What is Fit to Drive (f2d)?
Fit to Drive (f2d) is a community program for young people that concentrates on personal safety and responsibility giving them strategies to make them safer on the road.
f2d actively encourages and empowers young people as road users to look after themselves and their friends.
The f2d focus is a Year 11 workshop in Secondary and TAFE Colleges that is facilitated by trained University students known as peer facilitators or Road Safety Ambassadors.
The Year 11 f2d workshop is an enrichment program that helps to coordinate other Victorian Traffic Safety Education initiatives that are explained in the core curriculum resource “Traffic Safety Essentials”.
The half day Year 11 workshop is directly funded by the local community and greatly assists young people to assert themselves in high risk situations where for example a driver is speeding or impaired.
Currently 150 State, Catholic and Independent Secondary Colleges are undertaking fit2drive in Victoria.
On this site you will resources such as current bookings, how to become a facilitator, student resources and how to get involved in the program. We are continually adding to the site, so please explore and come back regularly.
Description of the Program
The Fit to Drive program sits across the three senior levels of Secondary School: Years 10, 11, and 12.
Students participating in the F2d program experience:
In Year 10
VicRoads “Keys Please” Parent learner driver information sessions in all schools in the program. The purpose of the Keys Please is to help learner drivers and parents to work together as partners, to achieve lots of varied driving practice and experience – at least 120 hours – before gaining a probationary licence. The session also provides information about driving and learning to drive and strategies to ensure that driving practices are fun, safe, purposeful and effective
Distribution of the RAcvFree2goPassport which provides discounted driving lessons sponsored by local driving schools to help young people achieve their 120 supervised practice hours and other give aways plus free road side assistance for 12months in any car.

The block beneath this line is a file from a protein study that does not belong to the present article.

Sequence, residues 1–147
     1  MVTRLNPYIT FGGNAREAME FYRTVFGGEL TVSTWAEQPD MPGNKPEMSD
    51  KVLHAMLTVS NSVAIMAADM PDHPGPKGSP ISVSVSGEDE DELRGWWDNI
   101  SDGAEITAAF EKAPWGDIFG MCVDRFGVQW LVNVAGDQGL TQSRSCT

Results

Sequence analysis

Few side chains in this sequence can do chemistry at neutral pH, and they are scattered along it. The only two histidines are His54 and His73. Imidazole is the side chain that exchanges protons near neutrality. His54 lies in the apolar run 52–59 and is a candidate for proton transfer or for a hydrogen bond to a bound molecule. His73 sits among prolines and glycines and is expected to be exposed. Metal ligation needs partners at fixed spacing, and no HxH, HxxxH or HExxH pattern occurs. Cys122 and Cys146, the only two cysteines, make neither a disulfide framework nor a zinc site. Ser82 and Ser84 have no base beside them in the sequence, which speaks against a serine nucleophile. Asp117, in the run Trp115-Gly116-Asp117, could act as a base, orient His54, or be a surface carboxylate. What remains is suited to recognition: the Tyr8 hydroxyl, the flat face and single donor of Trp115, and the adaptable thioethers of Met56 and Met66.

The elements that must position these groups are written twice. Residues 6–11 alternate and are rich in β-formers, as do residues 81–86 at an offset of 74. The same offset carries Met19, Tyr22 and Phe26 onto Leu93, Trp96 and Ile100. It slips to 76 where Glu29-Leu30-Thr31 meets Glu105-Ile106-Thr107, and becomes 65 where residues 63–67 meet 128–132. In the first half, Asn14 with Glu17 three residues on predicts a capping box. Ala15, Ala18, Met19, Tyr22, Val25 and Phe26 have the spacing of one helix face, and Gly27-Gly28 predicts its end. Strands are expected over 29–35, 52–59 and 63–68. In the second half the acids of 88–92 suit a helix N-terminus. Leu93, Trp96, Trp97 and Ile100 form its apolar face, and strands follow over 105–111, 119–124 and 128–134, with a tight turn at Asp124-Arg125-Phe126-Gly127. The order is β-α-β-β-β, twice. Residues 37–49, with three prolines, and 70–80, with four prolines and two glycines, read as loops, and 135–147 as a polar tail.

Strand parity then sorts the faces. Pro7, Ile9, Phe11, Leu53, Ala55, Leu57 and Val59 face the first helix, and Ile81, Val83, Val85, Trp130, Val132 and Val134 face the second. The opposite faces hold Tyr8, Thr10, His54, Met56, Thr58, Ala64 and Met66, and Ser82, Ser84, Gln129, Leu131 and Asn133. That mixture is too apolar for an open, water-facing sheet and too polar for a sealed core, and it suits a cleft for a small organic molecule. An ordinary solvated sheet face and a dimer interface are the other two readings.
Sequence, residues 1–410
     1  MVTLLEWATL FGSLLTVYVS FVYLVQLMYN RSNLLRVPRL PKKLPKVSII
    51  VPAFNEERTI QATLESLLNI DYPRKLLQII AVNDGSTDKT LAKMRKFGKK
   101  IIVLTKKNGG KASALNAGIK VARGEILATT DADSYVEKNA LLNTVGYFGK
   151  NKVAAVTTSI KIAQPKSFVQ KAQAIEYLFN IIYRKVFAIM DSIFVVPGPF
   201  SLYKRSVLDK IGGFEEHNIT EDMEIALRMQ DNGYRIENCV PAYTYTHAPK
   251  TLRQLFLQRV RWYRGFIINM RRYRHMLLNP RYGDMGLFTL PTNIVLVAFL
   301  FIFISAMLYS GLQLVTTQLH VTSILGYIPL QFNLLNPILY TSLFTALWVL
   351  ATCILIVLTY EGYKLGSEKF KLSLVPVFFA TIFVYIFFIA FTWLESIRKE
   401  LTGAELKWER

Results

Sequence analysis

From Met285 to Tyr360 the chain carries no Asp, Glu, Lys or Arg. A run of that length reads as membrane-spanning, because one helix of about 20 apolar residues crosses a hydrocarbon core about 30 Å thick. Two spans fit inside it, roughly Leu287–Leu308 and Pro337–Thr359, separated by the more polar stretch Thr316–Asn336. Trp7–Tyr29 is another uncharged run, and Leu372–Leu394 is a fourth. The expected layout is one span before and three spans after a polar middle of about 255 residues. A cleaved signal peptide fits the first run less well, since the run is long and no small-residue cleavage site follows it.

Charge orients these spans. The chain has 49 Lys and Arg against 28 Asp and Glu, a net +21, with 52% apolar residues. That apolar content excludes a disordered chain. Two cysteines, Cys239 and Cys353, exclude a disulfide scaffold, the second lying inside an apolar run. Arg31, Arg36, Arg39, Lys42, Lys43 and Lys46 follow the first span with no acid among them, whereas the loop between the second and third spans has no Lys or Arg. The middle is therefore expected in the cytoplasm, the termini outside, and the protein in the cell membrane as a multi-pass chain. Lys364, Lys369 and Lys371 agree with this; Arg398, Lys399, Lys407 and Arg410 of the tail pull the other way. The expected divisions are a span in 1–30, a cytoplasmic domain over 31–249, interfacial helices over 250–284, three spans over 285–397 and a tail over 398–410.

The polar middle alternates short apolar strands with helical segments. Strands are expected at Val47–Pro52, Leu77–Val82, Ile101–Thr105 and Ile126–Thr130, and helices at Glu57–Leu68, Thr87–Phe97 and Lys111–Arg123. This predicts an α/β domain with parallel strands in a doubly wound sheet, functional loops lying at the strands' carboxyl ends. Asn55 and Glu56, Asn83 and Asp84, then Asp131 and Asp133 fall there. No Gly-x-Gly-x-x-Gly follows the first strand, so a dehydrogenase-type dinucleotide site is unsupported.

In Year 11
A half day f2d workshop program delivered to Year 11 students. The students begin by examining their own levels of risk taking and values and then empowers them to make safer decisions about what they can do to reduce road crashes.
- Small groups of school students are facilitated by Road Safety Ambassadors – second and third year tertiary students who are undertaking youth work, social work, education and other human service courses
- The facilitator trained tertiary students represent credible role models because they are close in age and experience to the young people they are working with.
- The cooordinated program consists of a Police Prensentation of factual information focussing on speed, drugs, alcohol and fatigue. The activities also involve the emergency services, MFB/CFA indelivering a real life case study where the young people make decisions about how to avoid dangerous outcomes.
A Community Youth Forum
Held later in the year where young people from participating schools develop strategies to address road trauma in the local community. These students are usually the peer leaders who have been part of the half day workshop and who have been asked to develop the best and most creative ideas they can find in their school community to reduce the toll.
In Year 12
- Screening of the TAC video “Muck up Day”coordinated across all schools, scheduled close to the end of the year and accompanied by small group discussions. This documentary looks at the circumstances and effects of a drink driving crash in which a year 12 student was killed. It examines how one poor decision can change the lives of so many people
- Presentations by the Teenage Road Accident Group (TRAG). A group formed on the Mornington Peninsula who offers speakers who have endured the impact of road trauma and are involved in educating young people about the main factors that lead to road accidents.
- Looking after Your Mates presentations. This is an interactive session that is part of the “Good Sports Program” and is about responsible drinking, safe driving and looking after your friends.
- An example of a community event: On the Mornington Peninsula, the annual Arthurs Seat Challenge funrun/walk to raise funds for the program and to develop community awareness of the issues. The event has extensive local media coverage and attracts large numbers.
- The Youth Forum for peer leaders in all schools is an annual community initiative that attracts significant media attention.
- The annual launch of the Year 11 Workshop program held at a participating school involving all of the road safety stakeholders.